World Cup 2014 Final: Latest Betting Lines, Predictions for Argentina vs Germany

Scott PolacekFeatured ColumnistJuly 10, 2014

SAO PAULO, BRAZIL - JULY 09:  Lionel Messi of Argentina celebrates defeating the Netherlands in a shootout during the 2014 FIFA World Cup Brazil Semi Final match between the Netherlands and Argentina at Arena de Sao Paulo on July 9, 2014 in Sao Paulo, Brazil.  (Photo by Clive Rose/Getty Images)
Clive Rose/Getty Images

All that stands in the way of a triumphant World Cup title for soccer superpowers Argentina and Germany is a single game. 

Either superstar Lionel Messi will claim his first title on the World Cup stage or the balanced attack and stout defense of the German side will emerge victorious. Regardless of the outcome, the entire sporting world is sure to revel in the game itself and the pressure-packed stakes of the final.

Of course, there will be some who are watching the game for more than just the enjoyment of the action. With that in mind, here is a look at the latest betting lines, according to Odds Shark, as of the evening of Wednesday, July 9:

Odds for World Cup Final
PickOpening5 DimesBovadaBook Maker
Argentina+250+249+250+230
Germany+110+133+110+135
Draw+240+230+240+220
Odds Shark

While the championship showdown between Argentina and Germany is sure to draw all of the headlines, there is also a consolation match between Brazil and the Netherlands. The schedule and broadcast information for the remaining two fixtures is below:

Remaining 2014 World Cup Fixtures
GameDateTime (ET)MatchupTVLive Stream
Third-Place GameSaturday, July 124 p.m.Brazil vs. NetherlandsESPNWatch ESPN
World Cup FinalSunday, July 133 p.m.Germany vs. ArgentinaABCWatch ESPN
ESPN FC

Germany reached the finals by putting forth arguably the most impressive soccer performance in the history of the game when the stakes and location are taken into account. To beat Brazil in Brazil is one thing, but to do it during the World Cup semifinals by the score of 7-1 is quite another.

SAO PAULO, BRAZIL - JULY 09: (L-R) Lionel Messi, Pablo Zabaleta, Martin Demichelis, Lucas Biglia, Marcos Rojo, Rodrigo Palacio, Javier Mascherano, Ezequiel Garay and Maxi Rodriguez of Argentina react after a made penalty kick by teammate Sergio Aguero (no
Clive Rose/Getty Images

In fact, Germany scored four times in a six-minute stretch in the first half that sent shock waves of disappointment throughout the entire host country.

Standing across from the mighty Germans Sunday will be an Argentina squad that made it to the finals in the most nerve-wracking way possible. They survived a scoreless showdown with the Netherlands by scoring on all four of their penalty shootout kicks, while goalkeeper Sergio Romero blocked two of the Netherlands’ efforts.

BELO HORIZONTE, BRAZIL - JULY 08:  Sami Khedira of Germany (C) celebrates with his team-mates (L-R)  Mesut Oezil, Miroslav Klose, Benedikt Hoewedes, Bastian Schweinsteiger, Thomas Mueller, Toni Kroos of Germany and Philipp Lahm after scoring their fifth g
Martin Rose/Getty Images

The World Cup final will likely be framed as a showdown between that versatile German attack that just made Brazil’s lackluster defense look silly and the power of Messi and his ability to create for himself and others.

For his part, Messi discussed what a victory would mean, according to an Adidas interview published on AS (via the Press Association, h/t FIFA.com):

As a player winning a World Cup is the best there is. It's something you dream about when you are a kid and it never disappears.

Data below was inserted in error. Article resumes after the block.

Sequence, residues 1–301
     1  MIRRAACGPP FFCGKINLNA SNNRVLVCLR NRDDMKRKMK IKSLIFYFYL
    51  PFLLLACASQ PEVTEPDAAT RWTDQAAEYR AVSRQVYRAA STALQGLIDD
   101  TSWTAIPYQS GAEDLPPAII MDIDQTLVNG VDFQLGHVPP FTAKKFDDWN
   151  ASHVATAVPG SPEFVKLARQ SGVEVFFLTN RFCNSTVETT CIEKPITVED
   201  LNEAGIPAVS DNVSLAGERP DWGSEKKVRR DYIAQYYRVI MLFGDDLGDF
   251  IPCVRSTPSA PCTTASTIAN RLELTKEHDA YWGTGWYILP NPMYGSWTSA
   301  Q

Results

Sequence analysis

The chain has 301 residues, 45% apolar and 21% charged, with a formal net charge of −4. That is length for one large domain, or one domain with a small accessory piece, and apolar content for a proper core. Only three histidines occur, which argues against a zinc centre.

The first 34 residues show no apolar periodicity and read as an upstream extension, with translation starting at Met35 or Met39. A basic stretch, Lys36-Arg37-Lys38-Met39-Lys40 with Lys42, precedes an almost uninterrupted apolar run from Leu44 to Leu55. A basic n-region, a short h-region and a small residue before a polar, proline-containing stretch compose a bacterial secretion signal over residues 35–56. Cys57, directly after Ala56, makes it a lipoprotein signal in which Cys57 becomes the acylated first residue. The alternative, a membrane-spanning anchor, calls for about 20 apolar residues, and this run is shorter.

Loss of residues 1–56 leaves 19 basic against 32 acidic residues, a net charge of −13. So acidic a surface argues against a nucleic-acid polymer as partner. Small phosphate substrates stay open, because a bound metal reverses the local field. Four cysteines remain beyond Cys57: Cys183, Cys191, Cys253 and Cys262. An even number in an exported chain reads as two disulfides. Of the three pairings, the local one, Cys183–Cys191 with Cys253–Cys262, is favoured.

I have asked my Barcelona team-mates Xavi, (Andres) Iniesta and (Gerard) Pique what it is like to lift the trophy, and they couldn't explain. We will do everything to make this dream a reality. To play a World Cup final with the great atmosphere of the Maracana is something what every player dreams of.

Messi is arguably the best player in the world, but Germany’s defense has been incredibly stout throughout the whole World Cup.

The United States, Portugal, France and Algeria looked rather helpless at times against Germany’s ball control, timely tackles and overall poise. Now, the question is whether that same defense can stop or at least contain Messi and the rest of the Argentina attack.

BELO HORIZONTE, BRAZIL - JULY 08: Luiz Gustavo (L) of Brazil vies with Miroslav Klose of Germany during the 2014 FIFA World Cup Brazil Semi Final match between Brazil and Germany at Estadio Mineirao on July 8, 2014 in Belo Horizonte, Brazil.  (Photo by Ro
Robert Cianflone/Getty Images

Argentina’s defense may not be as talented as Germany’s, but it will have to bring its A-game against the mighty German side. Argentina did shutout Switzerland, Belgium and the Netherlands and should have some confidence on that end of the field.

Still, Argentina probably won't be able to rely on a penalty shootout in a scoreless game against Germany.

Messi has scored four of Argentina’s eight goals in the World Cup and assisted on another, and the thought here is that he comes through under the bright lights. This isn’t exactly the first time much will be expected of him in a championship setting, and he will find the back of the net once.

It still won’t be enough.

Germany just have too much momentum on their side after eviscerating Brazil to go along with all of their talented pieces. We haven’t even touched on Manuel Neuer in goal, who has been something of a brick wall throughout the tournament.

Throw in the fatigue factor that could come into play after Argentina played 120 minutes and a penalty shootout an entire 24 hours after Germany played on cruise control against Brazil, and things are certainly looking up for the Germans.

Team will prevail over the superstar on soccer’s brightest stage in an all-time classic. 

Prediction: Germany 2, Argentina 1

 

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